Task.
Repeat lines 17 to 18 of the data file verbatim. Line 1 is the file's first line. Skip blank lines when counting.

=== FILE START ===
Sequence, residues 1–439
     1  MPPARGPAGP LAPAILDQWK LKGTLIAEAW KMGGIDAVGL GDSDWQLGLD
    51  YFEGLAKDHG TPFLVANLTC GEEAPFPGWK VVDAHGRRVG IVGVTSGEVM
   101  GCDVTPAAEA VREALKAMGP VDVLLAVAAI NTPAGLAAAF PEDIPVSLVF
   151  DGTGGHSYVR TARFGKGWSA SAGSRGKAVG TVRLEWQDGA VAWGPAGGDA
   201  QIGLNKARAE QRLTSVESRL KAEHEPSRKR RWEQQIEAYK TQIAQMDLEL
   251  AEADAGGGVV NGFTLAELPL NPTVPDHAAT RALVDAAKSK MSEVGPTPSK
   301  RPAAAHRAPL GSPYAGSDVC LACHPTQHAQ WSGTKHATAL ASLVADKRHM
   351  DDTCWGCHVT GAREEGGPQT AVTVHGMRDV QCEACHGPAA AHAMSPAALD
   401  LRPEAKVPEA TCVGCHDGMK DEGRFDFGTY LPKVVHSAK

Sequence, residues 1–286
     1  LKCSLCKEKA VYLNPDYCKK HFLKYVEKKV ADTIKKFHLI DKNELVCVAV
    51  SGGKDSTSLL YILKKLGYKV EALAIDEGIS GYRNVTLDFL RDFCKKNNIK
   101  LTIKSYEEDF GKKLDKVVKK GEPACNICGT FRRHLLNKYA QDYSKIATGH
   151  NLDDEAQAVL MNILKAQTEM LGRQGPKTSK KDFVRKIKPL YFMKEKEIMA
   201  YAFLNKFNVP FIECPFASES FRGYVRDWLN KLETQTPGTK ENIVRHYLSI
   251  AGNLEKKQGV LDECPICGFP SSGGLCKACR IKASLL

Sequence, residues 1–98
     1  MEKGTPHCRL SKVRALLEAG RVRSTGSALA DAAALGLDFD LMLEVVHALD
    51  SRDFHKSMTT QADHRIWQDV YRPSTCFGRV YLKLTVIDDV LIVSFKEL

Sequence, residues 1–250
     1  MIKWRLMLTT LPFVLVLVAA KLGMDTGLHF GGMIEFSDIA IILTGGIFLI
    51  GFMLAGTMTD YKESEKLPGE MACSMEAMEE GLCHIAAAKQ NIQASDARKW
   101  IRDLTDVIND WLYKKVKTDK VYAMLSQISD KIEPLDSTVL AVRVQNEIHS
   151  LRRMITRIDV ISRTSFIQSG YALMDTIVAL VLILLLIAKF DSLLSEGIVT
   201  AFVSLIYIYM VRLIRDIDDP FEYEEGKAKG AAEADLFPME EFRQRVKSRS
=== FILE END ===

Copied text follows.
   251  AGNLEKKQGV LDECPICGFP SSGGLCKACR IKASLL

Sequence, residues 1–98